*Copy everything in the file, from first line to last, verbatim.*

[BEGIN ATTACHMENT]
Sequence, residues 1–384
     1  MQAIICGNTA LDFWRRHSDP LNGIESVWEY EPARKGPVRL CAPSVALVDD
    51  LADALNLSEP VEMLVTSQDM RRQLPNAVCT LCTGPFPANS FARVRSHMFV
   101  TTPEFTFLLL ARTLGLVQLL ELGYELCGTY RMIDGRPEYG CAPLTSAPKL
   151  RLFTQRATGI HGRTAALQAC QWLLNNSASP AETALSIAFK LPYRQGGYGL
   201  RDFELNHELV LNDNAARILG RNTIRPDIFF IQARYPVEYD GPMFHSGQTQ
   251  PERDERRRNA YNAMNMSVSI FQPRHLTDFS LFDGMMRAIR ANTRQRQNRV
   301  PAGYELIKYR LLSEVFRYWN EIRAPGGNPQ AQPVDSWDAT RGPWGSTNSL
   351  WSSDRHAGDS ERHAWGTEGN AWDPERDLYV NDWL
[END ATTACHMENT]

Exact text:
Sequence, residues 1–384
     1  MQAIICGNTA LDFWRRHSDP LNGIESVWEY EPARKGPVRL CAPSVALVDD
    51  LADALNLSEP VEMLVTSQDM RRQLPNAVCT LCTGPFPANS FARVRSHMFV
   101  TTPEFTFLLL ARTLGLVQLL ELGYELCGTY RMIDGRPEYG CAPLTSAPKL
   151  RLFTQRATGI HGRTAALQAC QWLLNNSASP AETALSIAFK LPYRQGGYGL
   201  RDFELNHELV LNDNAARILG RNTIRPDIFF IQARYPVEYD GPMFHSGQTQ
   251  PERDERRRNA YNAMNMSVSI FQPRHLTDFS LFDGMMRAIR ANTRQRQNRV
   301  PAGYELIKYR LLSEVFRYWN EIRAPGGNPQ AQPVDSWDAT RGPWGSTNSL
   351  WSSDRHAGDS ERHAWGTEGN AWDPERDLYV NDWL